There is an article in the New York Times that ponders the line between frugality and stealing. The writer is uncertain if her habit of taking travel sizes of shampoo and other bath products from hotels is considered stealing, and quotes from other finance and frugality blogs that eating a meal out of food samples (in grocery stores, for example) is not acceptable.
From a marketer’s perspective, there is nothing wrong with taking what is offered to you by hotels and food manufacturers. In fact, they would probably be the first ones to encourage you to take these products that are meant for you to consume. Why? The more you engage with a product, the more real estate they occupy in your mind, which may compel you to purchase, and more critically, repeat your purchases.
For example, most hotel stays end the day you check out, unless you had an amazing experience in the hotel and you tell your friends about your stay there. Most people would recount stories of their travels, not their hotel stays. Where you stayed becomes insignificant when you arrive home, something that gets buried deep into recesses of your memory to its disappearance. But, say, you run out of shampoo and your stock cabinet at home doesn’t have a spare to replenish your supply, temporarily you will probably be using those travel-sized products. Usually these products have the hotel’s name printed on them, and by using this product, you will not only get to read the hotel name, but most likely you will remember your stay(s) at the hotel and reminisce the experience in the shower.
I sometimes go with my mother, sister or aunt to Costco and the first thing I look for are those old ladies in cafeteria hair nets who give out free food samples of cheese, ravioli, sausage, chips and salsa, more cheese, chocolate, ice cream, and fruit juice. If I like a particular product, I take the liberty to repeat the samples, sometimes more than twice. I don’t consider this stealing, since these food products are offered freely to anyone who happens to pass by, and there isn’t a sign limiting the number of samples one can take. Marketers love the idea of shoppers clamoring for free samples, since this not only increases the impression of a brand on shoppers, but it can potentially create a buzz that will intrigue others to do the same– ultimately, increased interactions converts into increased sales.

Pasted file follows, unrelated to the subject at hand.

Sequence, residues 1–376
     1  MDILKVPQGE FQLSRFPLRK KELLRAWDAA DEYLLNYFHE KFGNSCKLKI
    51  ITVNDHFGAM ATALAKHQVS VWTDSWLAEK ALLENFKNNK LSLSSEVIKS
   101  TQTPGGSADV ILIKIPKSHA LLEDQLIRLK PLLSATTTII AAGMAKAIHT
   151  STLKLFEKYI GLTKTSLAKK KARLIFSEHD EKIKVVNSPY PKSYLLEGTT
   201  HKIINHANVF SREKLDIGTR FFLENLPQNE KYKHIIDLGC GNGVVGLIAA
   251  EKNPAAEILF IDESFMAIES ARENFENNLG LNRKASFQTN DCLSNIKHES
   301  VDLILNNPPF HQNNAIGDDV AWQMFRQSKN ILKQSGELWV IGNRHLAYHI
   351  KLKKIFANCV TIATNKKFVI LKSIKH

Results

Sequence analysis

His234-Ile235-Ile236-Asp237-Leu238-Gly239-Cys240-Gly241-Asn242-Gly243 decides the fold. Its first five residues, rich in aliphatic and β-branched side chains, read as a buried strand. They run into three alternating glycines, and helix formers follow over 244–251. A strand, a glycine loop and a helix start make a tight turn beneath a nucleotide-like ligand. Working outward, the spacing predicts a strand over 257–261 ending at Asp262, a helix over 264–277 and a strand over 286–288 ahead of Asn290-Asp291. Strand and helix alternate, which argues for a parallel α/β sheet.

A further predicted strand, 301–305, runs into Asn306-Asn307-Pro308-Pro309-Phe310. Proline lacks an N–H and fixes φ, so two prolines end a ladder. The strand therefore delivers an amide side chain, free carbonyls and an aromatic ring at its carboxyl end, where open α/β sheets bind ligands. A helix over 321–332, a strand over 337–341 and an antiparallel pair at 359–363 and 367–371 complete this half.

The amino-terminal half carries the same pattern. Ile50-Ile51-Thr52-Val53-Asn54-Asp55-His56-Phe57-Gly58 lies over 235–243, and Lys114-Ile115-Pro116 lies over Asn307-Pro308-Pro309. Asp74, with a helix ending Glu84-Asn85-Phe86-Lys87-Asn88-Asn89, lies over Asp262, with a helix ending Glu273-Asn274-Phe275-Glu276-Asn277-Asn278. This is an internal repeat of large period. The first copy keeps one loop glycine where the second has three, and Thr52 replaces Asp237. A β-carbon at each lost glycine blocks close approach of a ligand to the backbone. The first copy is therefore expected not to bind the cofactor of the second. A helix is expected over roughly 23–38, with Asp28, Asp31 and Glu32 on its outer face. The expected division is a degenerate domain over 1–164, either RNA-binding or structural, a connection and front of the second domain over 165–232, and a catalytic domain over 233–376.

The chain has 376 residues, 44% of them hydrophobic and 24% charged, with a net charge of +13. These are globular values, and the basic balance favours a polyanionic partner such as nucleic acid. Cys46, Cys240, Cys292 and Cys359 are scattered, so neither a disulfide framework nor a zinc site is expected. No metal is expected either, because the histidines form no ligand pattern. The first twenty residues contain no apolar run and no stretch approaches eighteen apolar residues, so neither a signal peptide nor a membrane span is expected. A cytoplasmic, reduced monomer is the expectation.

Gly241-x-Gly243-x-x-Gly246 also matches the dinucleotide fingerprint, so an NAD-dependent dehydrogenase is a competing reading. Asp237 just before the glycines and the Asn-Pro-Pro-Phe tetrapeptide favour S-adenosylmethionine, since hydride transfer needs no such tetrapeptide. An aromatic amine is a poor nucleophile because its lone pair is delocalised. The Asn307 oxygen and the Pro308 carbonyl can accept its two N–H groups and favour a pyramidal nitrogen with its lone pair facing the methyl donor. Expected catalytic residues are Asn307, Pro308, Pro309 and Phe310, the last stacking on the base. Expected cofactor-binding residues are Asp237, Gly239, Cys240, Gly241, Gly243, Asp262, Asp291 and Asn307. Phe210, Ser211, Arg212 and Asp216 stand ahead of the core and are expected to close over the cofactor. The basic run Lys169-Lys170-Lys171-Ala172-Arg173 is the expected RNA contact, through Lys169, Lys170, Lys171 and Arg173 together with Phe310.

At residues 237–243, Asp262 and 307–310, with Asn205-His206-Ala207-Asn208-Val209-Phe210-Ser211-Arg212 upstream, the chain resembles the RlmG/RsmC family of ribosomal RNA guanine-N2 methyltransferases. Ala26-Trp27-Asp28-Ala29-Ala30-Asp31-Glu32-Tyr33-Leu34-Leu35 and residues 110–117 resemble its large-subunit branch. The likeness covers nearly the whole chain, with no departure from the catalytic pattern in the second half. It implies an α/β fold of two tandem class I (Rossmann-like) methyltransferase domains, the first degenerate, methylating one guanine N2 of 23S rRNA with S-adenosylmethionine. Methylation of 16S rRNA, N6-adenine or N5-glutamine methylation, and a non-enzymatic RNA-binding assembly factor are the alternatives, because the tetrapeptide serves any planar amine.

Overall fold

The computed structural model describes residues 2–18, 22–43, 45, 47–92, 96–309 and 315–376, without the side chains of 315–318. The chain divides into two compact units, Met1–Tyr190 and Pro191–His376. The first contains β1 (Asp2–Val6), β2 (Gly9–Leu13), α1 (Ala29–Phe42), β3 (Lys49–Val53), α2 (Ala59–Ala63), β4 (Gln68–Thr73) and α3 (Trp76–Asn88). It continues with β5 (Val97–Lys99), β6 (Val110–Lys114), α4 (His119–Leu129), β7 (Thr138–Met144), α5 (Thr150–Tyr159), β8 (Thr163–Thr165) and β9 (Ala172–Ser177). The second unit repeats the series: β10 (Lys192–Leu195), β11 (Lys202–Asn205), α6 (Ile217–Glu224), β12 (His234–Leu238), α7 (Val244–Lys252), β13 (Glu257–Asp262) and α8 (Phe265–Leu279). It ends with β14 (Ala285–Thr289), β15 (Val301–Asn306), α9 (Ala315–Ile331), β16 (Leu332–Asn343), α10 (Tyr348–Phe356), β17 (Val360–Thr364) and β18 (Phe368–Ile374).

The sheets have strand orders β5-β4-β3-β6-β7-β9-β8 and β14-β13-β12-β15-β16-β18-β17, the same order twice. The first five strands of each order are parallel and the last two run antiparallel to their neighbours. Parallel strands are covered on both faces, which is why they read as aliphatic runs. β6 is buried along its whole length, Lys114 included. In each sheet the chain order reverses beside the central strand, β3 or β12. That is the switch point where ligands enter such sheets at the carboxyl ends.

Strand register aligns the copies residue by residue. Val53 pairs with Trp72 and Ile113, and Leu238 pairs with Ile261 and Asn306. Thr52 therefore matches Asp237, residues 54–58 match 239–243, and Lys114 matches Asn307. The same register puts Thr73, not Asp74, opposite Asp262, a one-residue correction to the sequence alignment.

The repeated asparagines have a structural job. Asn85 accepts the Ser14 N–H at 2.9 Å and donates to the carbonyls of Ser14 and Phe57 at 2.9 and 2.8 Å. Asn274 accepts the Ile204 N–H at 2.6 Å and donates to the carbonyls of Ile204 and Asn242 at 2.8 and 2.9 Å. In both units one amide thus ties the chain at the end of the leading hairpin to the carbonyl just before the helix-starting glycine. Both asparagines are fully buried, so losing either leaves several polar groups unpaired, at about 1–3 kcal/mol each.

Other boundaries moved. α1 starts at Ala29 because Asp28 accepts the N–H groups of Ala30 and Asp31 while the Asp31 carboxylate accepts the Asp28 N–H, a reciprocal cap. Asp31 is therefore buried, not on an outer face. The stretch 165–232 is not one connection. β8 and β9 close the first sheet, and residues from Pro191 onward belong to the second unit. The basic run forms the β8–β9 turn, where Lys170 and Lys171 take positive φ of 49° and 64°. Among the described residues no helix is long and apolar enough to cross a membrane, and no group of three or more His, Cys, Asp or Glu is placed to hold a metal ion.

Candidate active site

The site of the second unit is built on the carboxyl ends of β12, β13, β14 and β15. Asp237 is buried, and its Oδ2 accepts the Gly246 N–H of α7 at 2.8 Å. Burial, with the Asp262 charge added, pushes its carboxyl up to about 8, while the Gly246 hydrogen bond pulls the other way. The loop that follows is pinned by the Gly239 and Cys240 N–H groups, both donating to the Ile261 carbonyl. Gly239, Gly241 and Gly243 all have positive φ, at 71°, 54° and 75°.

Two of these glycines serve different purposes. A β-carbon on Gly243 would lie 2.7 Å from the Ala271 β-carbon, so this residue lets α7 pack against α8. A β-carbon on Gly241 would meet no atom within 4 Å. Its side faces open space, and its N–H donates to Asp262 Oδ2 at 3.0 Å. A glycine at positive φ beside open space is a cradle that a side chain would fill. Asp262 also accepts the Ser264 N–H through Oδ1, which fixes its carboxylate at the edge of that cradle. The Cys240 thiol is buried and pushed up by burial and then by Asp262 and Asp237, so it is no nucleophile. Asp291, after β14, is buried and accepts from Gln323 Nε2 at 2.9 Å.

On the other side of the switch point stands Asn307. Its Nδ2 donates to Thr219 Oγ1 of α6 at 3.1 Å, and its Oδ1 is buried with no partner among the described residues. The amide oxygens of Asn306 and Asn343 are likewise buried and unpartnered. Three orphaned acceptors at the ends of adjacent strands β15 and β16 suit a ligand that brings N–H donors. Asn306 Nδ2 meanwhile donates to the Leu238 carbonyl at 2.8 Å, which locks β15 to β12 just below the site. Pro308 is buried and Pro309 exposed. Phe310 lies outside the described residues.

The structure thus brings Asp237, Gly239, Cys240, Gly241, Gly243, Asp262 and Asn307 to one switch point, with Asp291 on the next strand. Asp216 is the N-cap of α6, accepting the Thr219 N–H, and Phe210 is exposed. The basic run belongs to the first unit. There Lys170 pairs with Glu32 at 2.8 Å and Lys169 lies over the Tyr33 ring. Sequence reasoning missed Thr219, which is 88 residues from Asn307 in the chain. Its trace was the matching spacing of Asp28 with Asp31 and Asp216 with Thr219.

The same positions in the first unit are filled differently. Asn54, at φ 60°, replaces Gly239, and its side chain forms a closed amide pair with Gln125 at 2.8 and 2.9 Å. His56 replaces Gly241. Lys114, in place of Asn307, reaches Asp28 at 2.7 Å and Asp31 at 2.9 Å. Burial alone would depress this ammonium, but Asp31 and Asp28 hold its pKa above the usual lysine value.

If food manufacturers actually dislike the idea of shoppers running back to the stand to munch on more samples, they would explicitly say this somewhere, much like food products that are currently on a coupon promotion are accompanied by “Limit two per person/household.”
My mother also takes home those shampoo and consumable bath products that we have a growing collection at home. When I asked her why she does that, she said, “There will be a need for this when we travel, trust me.” Now, most of the traveling I do involves hotel stays or stays with relatives who usually have a drop of shampoo to spare for my hair when I need it. To where will she be bringing those travel-sized products? When she stays at a makeshift hut with no windows and has only four pieced-together wooden slats for a bathroom, lacking in travel-sized shampoo? Now that is the bigger question.